Other things:

  • I personally use restic however for all backups of all machines.
  • I use ZFS on the drives, I have a cheat sheet here:
  • All the hard drives are used enterprise SATA/SAS 6TB ones from eBay, they’re only $28-35 and I’ve only had about 1/13 fail on me so far. Even if one fails, it is only $30 to replace, as opposed to expensive larger sized drives. But you’ll have to do the TCO analysis for your usecase.
  • If you’re buying LSi cards, be sure to avoid fakes, there are some videos on YouTube comparing them.
  • Be sure you allocate enough PCIe bandwidth to your cards, do the math before buying, etc.
  • The Mellanox CX3 is an extremely cheap way to get high speed 10g/40g networking, they’re both $30 on eBay. Combine it with a quiet/efficient 10g ICX6450 ($80) or louder/power hungry 10/40g ICX6610 ($50) for switching. Or just direct attach even, great thread here: Brocade ICX Series (cheap & powerful 10gbE/40gbE switching) | ServeTheHome Forums
  • Make backups, always make backups, do not push them off.
  • Make backups of your backups.
  • And actually verify your backups work!
  • For passing folders into a VM, virtiofs is amazing for most use cases, something that you should try if you haven’t.

I’ve just gone throught the process of researching, narrowing down, and purchasing hardware. I’m happy to share what I’ve learned. My budget was <$150, excluding storage, with a target of <$100, so I can’t give much input on more expensive systems.

Right now, used enterprise mini-pc’s are about the best price/performance ratio you will find. I considered two other form factors (1) a NAS (2) a ‘network appliance’/fanless mini PC, but ultimately went the used enterprise route because the value was much better. One of the best resources for info on these systems is ServeTheHome’s “Project TinyMiniMicro”.

There are 3 brands (Lenovo, HP, and Dell) they all offer mostly comparable systems afaict. One brand or another may have a slight edge for a given generation, but mostly they are pretty comparable.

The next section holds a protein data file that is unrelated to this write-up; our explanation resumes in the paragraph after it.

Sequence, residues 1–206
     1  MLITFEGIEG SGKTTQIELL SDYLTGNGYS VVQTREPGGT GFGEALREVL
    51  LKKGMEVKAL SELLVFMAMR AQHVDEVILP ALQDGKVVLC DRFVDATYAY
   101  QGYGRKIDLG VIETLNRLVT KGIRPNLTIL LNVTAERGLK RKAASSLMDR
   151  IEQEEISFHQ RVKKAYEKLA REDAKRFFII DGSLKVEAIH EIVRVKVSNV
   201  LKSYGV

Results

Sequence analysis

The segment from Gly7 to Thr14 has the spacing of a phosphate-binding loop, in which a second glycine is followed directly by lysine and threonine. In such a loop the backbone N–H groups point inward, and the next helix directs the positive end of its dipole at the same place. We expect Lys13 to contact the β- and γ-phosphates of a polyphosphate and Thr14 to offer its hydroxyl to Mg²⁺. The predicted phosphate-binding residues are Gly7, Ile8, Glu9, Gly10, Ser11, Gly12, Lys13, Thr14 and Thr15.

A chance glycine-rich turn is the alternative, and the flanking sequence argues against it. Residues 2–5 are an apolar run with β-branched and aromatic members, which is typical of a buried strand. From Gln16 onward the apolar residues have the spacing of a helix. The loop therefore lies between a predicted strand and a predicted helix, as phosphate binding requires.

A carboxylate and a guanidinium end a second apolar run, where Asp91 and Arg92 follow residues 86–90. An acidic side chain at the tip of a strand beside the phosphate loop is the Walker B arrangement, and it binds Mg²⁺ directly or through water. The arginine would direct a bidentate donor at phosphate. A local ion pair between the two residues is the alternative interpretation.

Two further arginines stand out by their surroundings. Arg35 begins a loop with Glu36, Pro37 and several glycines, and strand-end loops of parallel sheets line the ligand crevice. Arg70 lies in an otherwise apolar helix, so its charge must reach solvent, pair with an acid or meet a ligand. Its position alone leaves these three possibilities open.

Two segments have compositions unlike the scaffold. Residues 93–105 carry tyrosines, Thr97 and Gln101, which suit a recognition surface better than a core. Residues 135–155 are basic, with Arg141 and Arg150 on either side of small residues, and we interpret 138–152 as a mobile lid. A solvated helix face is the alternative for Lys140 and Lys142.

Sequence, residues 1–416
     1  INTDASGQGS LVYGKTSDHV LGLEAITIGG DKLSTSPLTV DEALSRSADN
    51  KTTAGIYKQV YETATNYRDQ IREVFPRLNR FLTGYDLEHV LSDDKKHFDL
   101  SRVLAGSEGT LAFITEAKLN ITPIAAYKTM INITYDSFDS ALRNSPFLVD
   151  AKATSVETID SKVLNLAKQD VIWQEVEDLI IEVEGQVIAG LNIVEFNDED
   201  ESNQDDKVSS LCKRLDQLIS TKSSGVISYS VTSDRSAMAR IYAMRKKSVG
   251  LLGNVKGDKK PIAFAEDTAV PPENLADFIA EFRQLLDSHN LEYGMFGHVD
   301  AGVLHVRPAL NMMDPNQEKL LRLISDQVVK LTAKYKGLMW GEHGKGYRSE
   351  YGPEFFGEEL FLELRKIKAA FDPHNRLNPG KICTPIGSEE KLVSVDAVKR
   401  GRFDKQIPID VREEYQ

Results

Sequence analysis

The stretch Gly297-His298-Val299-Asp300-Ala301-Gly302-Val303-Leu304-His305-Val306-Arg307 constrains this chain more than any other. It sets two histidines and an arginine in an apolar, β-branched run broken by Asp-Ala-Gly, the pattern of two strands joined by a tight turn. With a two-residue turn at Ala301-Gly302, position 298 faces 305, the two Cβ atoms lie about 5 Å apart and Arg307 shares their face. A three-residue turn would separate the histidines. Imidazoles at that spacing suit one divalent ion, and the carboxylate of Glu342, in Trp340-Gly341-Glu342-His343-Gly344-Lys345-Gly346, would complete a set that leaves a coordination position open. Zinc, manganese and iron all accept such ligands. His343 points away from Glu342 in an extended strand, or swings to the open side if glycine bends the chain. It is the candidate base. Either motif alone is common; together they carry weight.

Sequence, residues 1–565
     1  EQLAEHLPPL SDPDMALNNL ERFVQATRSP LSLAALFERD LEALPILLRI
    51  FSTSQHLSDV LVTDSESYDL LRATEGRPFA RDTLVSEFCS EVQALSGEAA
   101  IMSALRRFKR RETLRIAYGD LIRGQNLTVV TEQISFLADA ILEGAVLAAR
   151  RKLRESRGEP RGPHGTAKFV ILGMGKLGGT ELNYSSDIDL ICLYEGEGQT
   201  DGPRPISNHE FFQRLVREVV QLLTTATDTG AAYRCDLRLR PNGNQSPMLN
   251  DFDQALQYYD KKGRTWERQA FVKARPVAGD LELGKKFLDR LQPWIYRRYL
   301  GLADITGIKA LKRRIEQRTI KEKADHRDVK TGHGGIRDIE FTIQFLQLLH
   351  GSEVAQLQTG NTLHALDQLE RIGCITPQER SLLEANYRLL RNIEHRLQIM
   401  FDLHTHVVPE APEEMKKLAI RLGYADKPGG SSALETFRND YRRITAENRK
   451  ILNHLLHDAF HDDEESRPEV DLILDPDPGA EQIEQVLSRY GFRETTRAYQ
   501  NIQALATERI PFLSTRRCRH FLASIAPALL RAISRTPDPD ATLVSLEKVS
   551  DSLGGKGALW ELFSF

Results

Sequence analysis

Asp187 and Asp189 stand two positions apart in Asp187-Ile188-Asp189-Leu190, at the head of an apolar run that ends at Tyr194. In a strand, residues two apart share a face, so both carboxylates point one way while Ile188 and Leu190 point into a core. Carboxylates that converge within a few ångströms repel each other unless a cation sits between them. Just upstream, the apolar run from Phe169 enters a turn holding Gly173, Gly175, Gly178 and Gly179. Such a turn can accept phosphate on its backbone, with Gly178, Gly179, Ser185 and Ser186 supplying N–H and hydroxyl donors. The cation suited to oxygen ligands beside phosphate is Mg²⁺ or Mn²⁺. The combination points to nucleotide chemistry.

If you plan on media encoding / streaming, something with at least a 7th gen intel CPU is advisable (because of Intel Quicksync Video, and support for H265). You can find really cheap 6th and 7th gen intel systems with RAM and SSD for about $60-90. Bumping up to 8th Gen will roughly double the cost ($100-200) but you get a 6 core CPU, and with HP, this generation had 2 NVME slots which is really nice (example) To me, this generation of HP (Elitedesk 800 G4) is the sweet spot between price, performance, and low power. The system I got has space for 2xNVME + 1x2.5" drive bay, which is really good for ~$100 and the size of a box of chocolates. With these used enterprise systems, you’ve got one other choice, they are all available in the ‘Tiny/Mini/Micro’ size, and a larger “Small Form Factor” size (example) which is larger but has some expansion slots and the big advantage is more storage. For example, the SFF version of the HP system with the 8th gen CPU I mentioned earlier can fit 2 x NVME, 1 x 2.5" drive, and 2 x 3.5" HDD.

Other options I would consider: A NAS (Like Synology, or DIY option with TrueNAS), SBC (like a raspberry pi, or alternative), Fanless Mini PC like this. Do bear in mind that my priorities lead me towards these smaller lower power systems, which will not be a good fit for everyone, but are perfect for me.


Good grief mate, this was exactly the information I needed as my self-host needs are almost too low to justify doing it in the first place. You probably just saved me weeks of work and serious head scratching :heart:

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I really want to buy a killernas soon, will do when get a chance.

1. Own hardware or VPS? Hardware Specs?

Own Hardware. All used parts off eBay and various other markets or brand new but on sale. i5 in a Micro-ATX with 16gb ram, 2x 8TB HDD in raid, 1tb ssd cache with a ssd for TrueNAS scale OS.
Also have a old Dell Optiplex with a Intel Nic as my OPNSense firewall and 2x 16GB NUCs with proxmox installed which I am still in the process of learning and setting up.

2. What is your base OS?

TrueNAS Scale on my NAS, Proxmox for my other clients and OPNSense for my router. Could virtualise my NAS or Router but I get worried about virtualising such important things.

3. Do you use containers (docker/podman/etc)?